A Little Luxury

Recently I attended a day of seminars at the Boston Design Center, on the topic "redefining luxury in today's economy".  The morning began with a panel discussion and an interesting mix of opinions.  Two of the four panelists spoke endlessly of their immensely wealthy clients, and the value and necessity of $20,000 sofas.  Necessity?  Clodagh, a designer whose work I much admire and was thrilled to see in person, took an different view and defined luxury as "feeling the sun on your face, sleeping on the perfect mattress, gathering around a table large enough to accommodate your family and sharing a meal".  Meaningful stuff that resonated with many of us. 

Years ago when my mom and I visited Greece together, we experienced little luxuries on a daily basis.  As it was May and summer weather, nearly every meal was eaten outdoors.  We ate thick, creamy yogurt drizzled with local honey in courtyards shaded by bougainvillea cascading down from balconies, and sipped wine at sidewalk cafes where we watched life go by.


A Lesson Learned

This will be no great tale of culinary disaster.  If that is what you are looking for, let me know and I can tell you about the sweet potato gnocchi doorstops, the peach champagne gelĂ©e that couldn't be cut with a knife (!!), or the low-fat, 'lite' version of oysters in cream and Pernod. (May I say "Gag!" about my own cooking?  You betcha!) Each of those stories could keep you awake at night - or, if not, they will at least have you dreaming of antacids.

Today's post is a story of learning to trust.  Trust the recipe.  Trust the chef.  Trust the details. 

If you are a all like me, the first time you make a recipe you will do it exactly as written.  (Okay, I am a total liar - sometimes I make changes immediately and the finished dish in no way resembles the intended recipe...)  But, assuming that on occasion I follow the recipe to the "T," there does come a time when I simplify or adjust or change the recipe completely.  My mother's recipe for Autumn Vegetable Bisque is a perfect example.  It calls for boiling the butternut squash with the other veggies.  While good, this method just didn't yield the fullest-flavored soup.  So I roasted the squash and some of the vegetables and then added it to the soup.  Perfection! 


Color Cravings

Dear Reader,

It's been busy.  And although I've had more than a few days to write a little story for you, una piccola storia, I've come up empty.  So let's get right down to business:  Rhubarb and Peach Crisp.  This recipe has been sitting in the "must try" pile for eons and I'm not sure where I found it.  Judging from the type, it looks like a clipping from Bon Appetit, and my apologies for any error in attribution.  It was the color that inspired me to try it - red rhubarb, yellow peaches. . .  And while tasty out of the oven, it was even better the next day.  So good, in fact, that I ate it for dinner.  Let me know what you think.

- Doreen


A Stick of Butter

When my mother died in July of 1988, I set out within a few weeks to collect, edit and create a book of her recipes to give to my father and siblings for Christmas that year.  For me, it represented the ultimate memento of her life, as she was always in the kitchen preparing amazing meals for us morning, noon and night.  These days, when I feel a bit blue, I flip through the pages of the original manuscript much like one would visit a loved one in the cemetery.  I open the book and there she is there on every page, in every recipe.  (For your information, my father resides in my checkbook... I visit him once a month when I balance it to the penny!)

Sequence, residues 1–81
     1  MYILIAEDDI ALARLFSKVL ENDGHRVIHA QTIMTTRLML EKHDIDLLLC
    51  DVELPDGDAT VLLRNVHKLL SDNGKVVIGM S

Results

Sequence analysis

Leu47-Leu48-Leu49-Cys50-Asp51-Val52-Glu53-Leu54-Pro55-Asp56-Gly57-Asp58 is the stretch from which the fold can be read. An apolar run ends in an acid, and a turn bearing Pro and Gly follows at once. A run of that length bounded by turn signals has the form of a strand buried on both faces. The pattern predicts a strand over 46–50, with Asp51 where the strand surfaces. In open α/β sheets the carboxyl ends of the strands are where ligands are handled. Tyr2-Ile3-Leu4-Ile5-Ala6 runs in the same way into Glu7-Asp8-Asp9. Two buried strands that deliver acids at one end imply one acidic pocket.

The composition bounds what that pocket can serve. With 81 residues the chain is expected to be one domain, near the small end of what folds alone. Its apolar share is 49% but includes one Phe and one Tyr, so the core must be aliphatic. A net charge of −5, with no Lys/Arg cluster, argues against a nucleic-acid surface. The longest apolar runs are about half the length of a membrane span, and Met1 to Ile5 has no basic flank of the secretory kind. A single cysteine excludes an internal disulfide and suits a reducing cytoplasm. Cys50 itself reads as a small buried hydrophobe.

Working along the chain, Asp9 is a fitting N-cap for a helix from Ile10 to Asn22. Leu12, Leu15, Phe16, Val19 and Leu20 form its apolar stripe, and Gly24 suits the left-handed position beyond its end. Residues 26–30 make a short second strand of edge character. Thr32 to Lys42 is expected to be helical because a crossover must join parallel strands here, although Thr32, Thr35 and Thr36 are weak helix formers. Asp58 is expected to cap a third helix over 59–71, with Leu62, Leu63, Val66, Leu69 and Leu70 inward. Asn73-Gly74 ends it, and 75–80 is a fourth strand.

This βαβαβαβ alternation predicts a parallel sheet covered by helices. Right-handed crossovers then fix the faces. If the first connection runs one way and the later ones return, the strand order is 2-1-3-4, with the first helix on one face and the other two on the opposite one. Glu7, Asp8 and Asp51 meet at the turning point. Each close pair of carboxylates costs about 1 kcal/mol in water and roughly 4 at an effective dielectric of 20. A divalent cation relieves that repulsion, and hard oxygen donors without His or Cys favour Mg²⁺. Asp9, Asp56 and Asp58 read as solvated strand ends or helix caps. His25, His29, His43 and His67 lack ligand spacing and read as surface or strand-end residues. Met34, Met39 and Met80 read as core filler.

I remember very little about putting together Mom's cookbook other than the computer had a black screen with green words.  Proofreading was impossible without massive headaches.  French accents were also impossible at that time.  And Courier was the font of choice... well, the only font available.  Considering the recipes, one thing that didn't strike me then but is so obvious to me now is that there is one reason so much of my mother's cooking was so good.  Butter.  Yep, butter.  As I retype all these recipes, I am stunned at how many recipes begin with "a stick of butter."  I now understand fully why: a) I struggled with my weight all my life, and b) why I am addicted to butter.



Spring arrives on the Seacoast in fits and starts.  It might be 75 degrees today, 35 degrees tomorrow.  With longer days the city comes alive, crowds spilling out from cafes to fill sidewalk tables, faces turned to the sun.  In the garden, snowdrops and tulips have pushed through the ground and it won't be long before oregano and mint make their appearance.

On most days, I'll put on sneakers and head out for a brisk spin through town.  Along the river and across Prescott Park, a quick stop at the post office, through Market Square and past the library - old and new - a loop around the South Mill Pond and back into the narrow streets and jumbled rooftops of the South End.  I pass two neighborhood favorites, and if I've thought to bring enough money with me, I may stop in here and - better yet - here.  Which, quite often, is a mistake.  A little of this, a little of that. . . a little more of that.  I can't help myself and now I'm loaded down with gorgeous mussels, shrimp, a crisp white wine, generous wedges of Humboldt Fog and Parmesan cheeses, Kalamata olives.  Serious nibbling will most likely ensue. . .